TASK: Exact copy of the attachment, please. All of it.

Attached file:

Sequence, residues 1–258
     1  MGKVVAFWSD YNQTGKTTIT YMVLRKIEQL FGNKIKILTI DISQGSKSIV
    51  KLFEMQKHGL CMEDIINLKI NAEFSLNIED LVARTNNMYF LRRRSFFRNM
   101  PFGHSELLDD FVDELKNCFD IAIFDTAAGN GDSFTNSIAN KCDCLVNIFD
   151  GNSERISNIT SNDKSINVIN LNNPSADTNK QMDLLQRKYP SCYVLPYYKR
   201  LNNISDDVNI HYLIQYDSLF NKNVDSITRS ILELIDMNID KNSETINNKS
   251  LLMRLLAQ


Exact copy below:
Sequence, residues 1–258
     1  MGKVVAFWSD YNQTGKTTIT YMVLRKIEQL FGNKIKILTI DISQGSKSIV
    51  KLFEMQKHGL CMEDIINLKI NAEFSLNIED LVARTNNMYF LRRRSFFRNM
   101  PFGHSELLDD FVDELKNCFD IAIFDTAAGN GDSFTNSIAN KCDCLVNIFD
   151  GNSERISNIT SNDKSINVIN LNNPSADTNK QMDLLQRKYP SCYVLPYYKR
   201  LNNISDDVNI HYLIQYDSLF NKNVDSITRS ILELIDMNID KNSETINNKS
   251  LLMRLLAQ